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BW Agents: Botulinum toxin

BW Agents: Botulinum toxin

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BW Agents: Botulinum toxin

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  1. BW Agents: Botulinum toxin J.A. Sliman, MD, MPH LCDR MC(FS) USN Preventive Medicine Resident Johns Hopkins Bloomberg School of Public Health

  2. Toxins • Different from chemical weapons • Naturally occurring • Non-volatile • Non-persistent & no person-to-person spread • Utility mostly limited by low toxicity • More effective as terrorist devices

  3. Botulinum • Produced by Clostridium botulinum • 7 related neurotoxins, types A through G • Usually seen as a food-borne illness • Aerosol attack will produce similar symptoms • Toxins are easily obtained from cultures and easily aerosolized

  4. BW History • Numerous cases of food-borne outbreak • Usually resulting from ingestion of improperly canned foods • Weaponized by FSU, researched extensively • Weaponized by Iraq • Admitted in 1991, weapons found in 1995

  5. BW/BT Significance • Easy to produce & weaponize • Can be aerosolized or placed into food • Most toxic BW/BT agent by weight • LD50 = 0.001mg/kg body weight • 15,000x more toxic than VX • 100,000x more toxic than Sarin

  6. Mechanism • Binds presynaptic nerve terminals at NMJ & at cholinergic autonomic sites • Prevent release of acetylcholine • Opposite of organophosphate nerve agents • Bulbar palsies & skeletal muscle weakness

  7. Clinical botulism • Symptoms start 24-36 hours after inhalation • Ingestion = shorter time of onset • Onset determined by dose • Early bulbar signs followed by progressive, descending, symmetric skeletal muscle weakness & paralysis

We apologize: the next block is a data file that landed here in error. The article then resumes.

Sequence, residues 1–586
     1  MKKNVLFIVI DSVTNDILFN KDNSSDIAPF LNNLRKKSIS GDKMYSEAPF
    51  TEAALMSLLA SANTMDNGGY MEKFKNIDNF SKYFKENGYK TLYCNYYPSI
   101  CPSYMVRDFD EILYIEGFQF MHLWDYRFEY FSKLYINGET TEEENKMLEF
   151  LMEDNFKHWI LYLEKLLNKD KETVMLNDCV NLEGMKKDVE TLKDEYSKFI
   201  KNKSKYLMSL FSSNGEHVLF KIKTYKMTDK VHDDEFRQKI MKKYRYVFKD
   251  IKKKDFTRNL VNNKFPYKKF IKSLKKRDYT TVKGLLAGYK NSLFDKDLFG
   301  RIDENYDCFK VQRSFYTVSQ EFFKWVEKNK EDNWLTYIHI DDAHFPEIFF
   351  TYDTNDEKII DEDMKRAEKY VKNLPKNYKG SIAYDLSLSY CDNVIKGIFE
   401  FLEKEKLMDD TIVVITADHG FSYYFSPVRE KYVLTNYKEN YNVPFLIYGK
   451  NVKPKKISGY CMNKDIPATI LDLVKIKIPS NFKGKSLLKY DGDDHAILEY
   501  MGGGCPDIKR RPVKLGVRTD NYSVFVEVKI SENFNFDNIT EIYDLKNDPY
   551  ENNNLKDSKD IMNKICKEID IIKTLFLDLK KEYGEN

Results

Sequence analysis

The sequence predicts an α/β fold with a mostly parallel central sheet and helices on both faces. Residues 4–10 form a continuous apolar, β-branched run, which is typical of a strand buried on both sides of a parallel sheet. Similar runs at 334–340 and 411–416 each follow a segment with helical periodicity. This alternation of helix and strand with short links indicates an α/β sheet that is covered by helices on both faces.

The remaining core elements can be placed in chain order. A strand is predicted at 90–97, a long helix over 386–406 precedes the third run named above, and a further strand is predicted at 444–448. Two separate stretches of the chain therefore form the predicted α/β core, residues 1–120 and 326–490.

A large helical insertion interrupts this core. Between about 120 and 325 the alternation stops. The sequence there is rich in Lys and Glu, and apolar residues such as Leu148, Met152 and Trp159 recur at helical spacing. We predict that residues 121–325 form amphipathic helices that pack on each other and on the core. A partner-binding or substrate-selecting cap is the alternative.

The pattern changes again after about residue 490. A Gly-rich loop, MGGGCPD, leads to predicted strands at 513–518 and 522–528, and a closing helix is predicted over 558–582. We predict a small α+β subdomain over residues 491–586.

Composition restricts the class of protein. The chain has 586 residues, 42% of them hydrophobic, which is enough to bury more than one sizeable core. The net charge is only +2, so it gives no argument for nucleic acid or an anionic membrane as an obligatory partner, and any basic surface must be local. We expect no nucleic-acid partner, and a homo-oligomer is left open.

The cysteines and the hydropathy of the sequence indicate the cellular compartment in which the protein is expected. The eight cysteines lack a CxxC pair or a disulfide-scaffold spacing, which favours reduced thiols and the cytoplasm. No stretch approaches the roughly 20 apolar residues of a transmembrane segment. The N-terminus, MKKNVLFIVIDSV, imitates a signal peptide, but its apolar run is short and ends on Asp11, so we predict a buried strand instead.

8. Clinical botulism • Culminates abruptly in respiratory failure • Can happen within 24 hours of onset • Patients remain afebrile throughout • CSF clear, no MSE changes • Distinguishes it clinically from meningitis

  9. Diagnosis • No antibody response (usually) • Serum or gastric bioassay may be positive • Usually a clinical diagnosis • No cholinergic symptoms

  10. Management • CFR = 100% if not treated • Ventilatory assistance cuts CFR to 5% • Intensive nursing imperative • Recovery may take months but is usually complete

  11. Antitoxin • Equine antitoxin highly effective • Useful against food-borne illness • Useful against aerosol attack as post-attack prophylaxis prior to symptom onset • Must do skin testing prior to use • Desensitization is effective if skin test is (+)

  12. Vaccine • Experimental, not FDA approved • Available for use in case of suspected attack • 0, 2, 12 weeks + booster every year

  13. Botulinum toxin • Bulbar signs + progressive, descending symmetric flaccid paralysis • Afebrile, no anticholinergic or CSF signs • Use antitoxin in case of attack